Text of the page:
Sunday, 3 November 2019

Two English tourists injured in Shark attack in Queensland.

Two English tourists have been injured in a Shark attack in the Whitsunday Islands, about 30 km off the coast of Queensland. Alistair Raddon, 28, from Southampton, and Danny Maggs, 22, from Plymouth, were reportedly playfighting in the water at the time off the attack, which may have attracted the Shark's attention, resulting in an attack wich resulted in Mr Raddon losing a foot and Mr Maggs receiving severe lacerations to his thigh, though both men survived the attack, due to prompt first aid by two German tourists in the boat that brought them to the islands, and an immediate airlift to a hospital on the mainland.

Danny Maggs, 22, from Plymouth, England, recovering after a Shark attack in Queensland's Whitsunday Islands. Instagram.

Despite their fearsome reputation, attacks by Sharks are relatively rare and most attacks on Humans by Sharks are thought to be mistakes. Tiger Sharks have a diverse diet, including invertebrates, Fish, Birds, Marine Reptiles and Marine Mammals, which we superficially resemble when we enter the water. Marine Mammals are attacked principally for their thick adipose (fat) layers, which are a nutritious high-energy food, but which we lack. Due to this, when Sharks do attack Humans these attacks are often broken off without the victim being consumed. Such attacks frequently result in severe injuries, but are seldom immediately fatal, and victims are likely to survive if they receive immediate medical attention.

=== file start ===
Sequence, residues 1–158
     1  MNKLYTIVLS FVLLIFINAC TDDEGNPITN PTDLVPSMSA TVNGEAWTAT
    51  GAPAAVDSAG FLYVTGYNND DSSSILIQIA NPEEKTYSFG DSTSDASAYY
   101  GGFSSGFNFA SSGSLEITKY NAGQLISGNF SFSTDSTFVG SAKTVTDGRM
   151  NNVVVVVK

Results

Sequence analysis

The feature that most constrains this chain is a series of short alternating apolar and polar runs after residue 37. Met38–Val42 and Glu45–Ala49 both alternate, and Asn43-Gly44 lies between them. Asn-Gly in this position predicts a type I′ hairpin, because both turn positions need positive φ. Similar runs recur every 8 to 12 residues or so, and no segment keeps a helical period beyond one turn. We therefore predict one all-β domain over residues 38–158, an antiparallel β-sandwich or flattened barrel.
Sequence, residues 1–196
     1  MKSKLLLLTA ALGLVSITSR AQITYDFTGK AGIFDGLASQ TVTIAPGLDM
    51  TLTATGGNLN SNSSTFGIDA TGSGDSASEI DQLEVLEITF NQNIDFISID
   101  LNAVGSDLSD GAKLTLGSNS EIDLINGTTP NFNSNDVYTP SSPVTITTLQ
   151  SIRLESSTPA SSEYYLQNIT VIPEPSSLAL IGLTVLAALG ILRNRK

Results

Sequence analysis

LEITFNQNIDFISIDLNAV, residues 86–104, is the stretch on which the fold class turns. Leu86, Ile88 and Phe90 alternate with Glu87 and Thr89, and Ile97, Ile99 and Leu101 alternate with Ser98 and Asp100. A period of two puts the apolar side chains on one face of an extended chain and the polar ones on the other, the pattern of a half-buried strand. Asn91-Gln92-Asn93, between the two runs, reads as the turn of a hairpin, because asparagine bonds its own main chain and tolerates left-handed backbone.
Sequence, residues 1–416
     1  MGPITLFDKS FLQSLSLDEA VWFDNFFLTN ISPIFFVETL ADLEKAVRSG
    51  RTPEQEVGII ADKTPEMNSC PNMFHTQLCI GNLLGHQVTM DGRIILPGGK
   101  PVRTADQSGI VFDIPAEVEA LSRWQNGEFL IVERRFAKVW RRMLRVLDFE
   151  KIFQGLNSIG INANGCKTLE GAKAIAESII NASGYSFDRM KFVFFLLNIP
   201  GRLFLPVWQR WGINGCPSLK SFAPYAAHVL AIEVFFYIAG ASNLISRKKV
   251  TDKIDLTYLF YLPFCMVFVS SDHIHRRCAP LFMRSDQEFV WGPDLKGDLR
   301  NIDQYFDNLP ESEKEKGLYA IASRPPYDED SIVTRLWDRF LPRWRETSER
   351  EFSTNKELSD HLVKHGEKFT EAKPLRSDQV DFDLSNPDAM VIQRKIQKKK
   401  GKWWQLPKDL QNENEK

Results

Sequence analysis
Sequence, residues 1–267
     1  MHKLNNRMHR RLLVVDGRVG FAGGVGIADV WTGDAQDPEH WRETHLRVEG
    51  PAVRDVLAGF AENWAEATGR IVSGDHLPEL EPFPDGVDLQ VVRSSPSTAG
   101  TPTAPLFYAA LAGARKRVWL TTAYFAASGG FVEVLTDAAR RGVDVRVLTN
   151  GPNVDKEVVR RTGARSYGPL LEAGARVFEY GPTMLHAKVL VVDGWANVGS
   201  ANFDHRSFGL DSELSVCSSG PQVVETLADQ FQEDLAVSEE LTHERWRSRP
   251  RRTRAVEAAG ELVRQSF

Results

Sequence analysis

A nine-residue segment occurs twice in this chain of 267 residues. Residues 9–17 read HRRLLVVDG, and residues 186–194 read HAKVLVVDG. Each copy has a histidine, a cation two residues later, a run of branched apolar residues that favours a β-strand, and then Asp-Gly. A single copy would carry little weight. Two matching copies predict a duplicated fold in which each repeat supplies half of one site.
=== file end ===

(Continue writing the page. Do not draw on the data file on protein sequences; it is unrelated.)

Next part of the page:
There have been ten people injured by Sharks in Australian waters so far this year, with 27 attacks in 2018, resulting in a single fatality. Despite this there have been widespread calls for action to be taken against Sharks in the Australian media, and in particular the instillation of drum lines (baited traps) in areas where Sharks and people have come into conflict, despite warnings by marine biologists that these traps are of little value in preventing attacks. Some press outlets have even gone as far as claiming that such traps have been removed from areas like the Whitsunday Islands, where they have never been used, due to pressure from environmental groups, suggesting that the motivation for the claims may be motivated by politics rather than concerns about public safety.

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